An IT contractor for British Airways accidentally pulled the wrong plug as travelers queued up for a holiday weekend. That pulled the plug on travel plans for some 75,000 passengers and cost the airline a reported $128 million. It makes you wonder: Who else is vulnerable to an “oops”? Probably everybody, but we can all reduce our risk exposure with good backup systems.
The contractor’s mistake occurred at BA’s data center, and it caused the airline to cancel flights at London’s two airports, Heathrow and Gatwick. Besides the millions BA will pay for their customers’ inconvenience, there will be an investigation that will draw on company resources. It affected operations throughout the BA empire.
The incident raises two questions?
- Why wasn’t that cord clearly marked in some way, shape or form to give anyone a clue that it absolutely had to stay plugged in?
- Why wasn’t some sort of backup system available?
To me, the second question gets to some very fundamental issues about how major companies operate in today’s world. One of them is cost-cutting. News reports indicate that BA’s management was under pressure to cut costs and boost profit margins in a highly competitive industry. Well, we’re all in highly competitive situations, and we all want to raise our profit margins because we can’t raise prices – at least not without significant pushback.
But at some point, the large corporations that provide so many services for small businesses and consumers, like us, need to step up their game. They should be taking the steps our clients and customers would demand of us to make sure we serve them as expected. If one of the package delivery services, such as UPS or FedEx – or even the Post Office – has an IT failure that causes one of our deliveries to miss a deadline, the consequences for us will be much greater proportionately than for the big corporation.
Mechanical problems at a specific location can happen, but a data center problem should never happen because there are so many ways to add backups. Here are a few examples of what they can do:
- Have a battery-powered back-up system in place so that everything in the system can be saved.
- Have a back-up location that can be immediately and automatically activated so that critical operations continue.
- Make time to make sure everyone is trained and retrained for all tasks they need to do on the system.
- Keep your hardware and software up-to-date to make sure you have all performance and security measures installed. One of the things we’ve seen in many IT-related catastrophes, such as WannaCry ransomware, is that large businesses simply don’t bother to invest in technology in order to cut costs. They wind up paying more when something happens.
Let’s take this one step farther. You can be exposed to many of the same risks and can benefit from the same preventive measures in your office and at home. You can buy battery back-up systems and plug in your servers, routers and computers to give you time to save your data. You can use remote storage – the cloud – to save data and apps. You can make sure everyone knows what to do and not do with your system. You can automatically update your systems – especially your operating system and app software – to keep them secure.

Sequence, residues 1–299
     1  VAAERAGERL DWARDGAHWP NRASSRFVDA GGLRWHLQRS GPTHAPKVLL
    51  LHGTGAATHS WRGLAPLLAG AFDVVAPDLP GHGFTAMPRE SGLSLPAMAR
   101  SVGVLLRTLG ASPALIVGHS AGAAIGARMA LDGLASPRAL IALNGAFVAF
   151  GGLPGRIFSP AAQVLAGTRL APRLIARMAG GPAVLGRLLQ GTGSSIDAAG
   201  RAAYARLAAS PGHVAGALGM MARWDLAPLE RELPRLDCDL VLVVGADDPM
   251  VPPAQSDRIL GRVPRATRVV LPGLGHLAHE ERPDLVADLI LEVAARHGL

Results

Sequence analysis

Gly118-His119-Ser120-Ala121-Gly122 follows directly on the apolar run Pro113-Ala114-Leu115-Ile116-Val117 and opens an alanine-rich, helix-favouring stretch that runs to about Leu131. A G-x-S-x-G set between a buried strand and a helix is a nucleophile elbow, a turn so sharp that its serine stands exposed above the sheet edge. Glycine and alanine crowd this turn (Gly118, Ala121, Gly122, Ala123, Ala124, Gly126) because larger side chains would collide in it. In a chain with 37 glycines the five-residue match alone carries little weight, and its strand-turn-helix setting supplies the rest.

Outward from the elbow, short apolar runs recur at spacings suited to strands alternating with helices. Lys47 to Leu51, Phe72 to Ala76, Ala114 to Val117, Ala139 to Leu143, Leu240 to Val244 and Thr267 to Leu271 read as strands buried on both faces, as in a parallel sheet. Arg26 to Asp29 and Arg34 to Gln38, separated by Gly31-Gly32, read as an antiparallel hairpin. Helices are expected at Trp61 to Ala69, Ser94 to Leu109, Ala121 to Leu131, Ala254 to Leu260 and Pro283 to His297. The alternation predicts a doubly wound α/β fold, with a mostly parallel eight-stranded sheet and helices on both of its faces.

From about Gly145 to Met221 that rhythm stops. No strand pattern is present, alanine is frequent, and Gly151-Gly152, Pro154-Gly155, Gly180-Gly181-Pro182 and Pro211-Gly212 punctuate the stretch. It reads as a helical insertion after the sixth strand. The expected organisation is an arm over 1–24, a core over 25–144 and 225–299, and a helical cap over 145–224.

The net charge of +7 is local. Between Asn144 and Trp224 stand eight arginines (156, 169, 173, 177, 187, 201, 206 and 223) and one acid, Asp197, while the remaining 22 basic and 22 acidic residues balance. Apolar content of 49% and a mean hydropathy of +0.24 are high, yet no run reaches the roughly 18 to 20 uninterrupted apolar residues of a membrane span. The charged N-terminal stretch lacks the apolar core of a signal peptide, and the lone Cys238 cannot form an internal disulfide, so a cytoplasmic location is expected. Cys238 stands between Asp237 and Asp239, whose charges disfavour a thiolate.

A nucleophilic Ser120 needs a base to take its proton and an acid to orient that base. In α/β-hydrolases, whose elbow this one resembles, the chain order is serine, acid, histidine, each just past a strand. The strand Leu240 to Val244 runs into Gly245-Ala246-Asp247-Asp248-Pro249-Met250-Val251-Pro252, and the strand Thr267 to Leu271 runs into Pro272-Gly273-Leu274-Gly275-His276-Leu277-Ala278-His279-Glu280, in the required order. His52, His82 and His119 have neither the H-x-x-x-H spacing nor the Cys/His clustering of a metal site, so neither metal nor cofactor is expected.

Call us – 973-433-6676 – or email us if you have any questions about keeping your home and office systems running in the face of any incidents – manmade or natural. We can also audit your system and give you a plan to stay plugged in.
Hard drive backups are like the socks of gifts you give yourself. They’re initially about as unexciting as gifts can get, only to become the best gift ever in a pinch. Got a meeting in 20 minutes and your normal sock reserve is empty? Thanks for the bag-o-socks, Uncle Steve! Your hard drive just exploded, taking the past 3 years of your digital life with it? Thanks for the backup, past-me!
Besides being the day that keeps the people who make Peeps in business, today also marks the Third Annual World Backup Day. World Backup Day is a tradition that started on reddit back in 2011, and has been rippling out through the rest of the tech-loving world ever since.
Making today’s Backup Day particularly special is the fact that it falls on Easter, which, if nothing else, means you get to use “BRB! Gotta go check my backups!” as a way to escape any awkward family conversations that pop up before the ham is done. Or you could be a cool guy and introduce your less tech-centric family members to the concept of backin’ up their bits.
Oh, and tomorrow is April Fool’s day. Probably not the safest day for data, you know?
So, how should you go about backing things up?
If you’re trying to keep it simple, just go buy/find a big ol’ external hard drive, plug it into your operating system’s built-in backup tool (Here’s a guide to Backup on Windows, or Time Machine on OS X), let it do its thing, and then stick the backup somewhere safe. If you can find somewhere off-site (like a trusted friend’s house), that’ll help you retain your data in case of fire or flood.
If you want to get fancy and push your backups online, a couple of the big backup guys are doing deals in honor of today’s techno-holiday. Crashplan dropped their annual price from $71 down to $42 for the day, and Backblaze is giving away 3-months free to all newcomers. If you’ve only got a handful of files that you need to keep backed up, Dropbox’s free 2GB plan is a solid option.
Hard drives are cheap. Lost data isn’t. Go, go, go!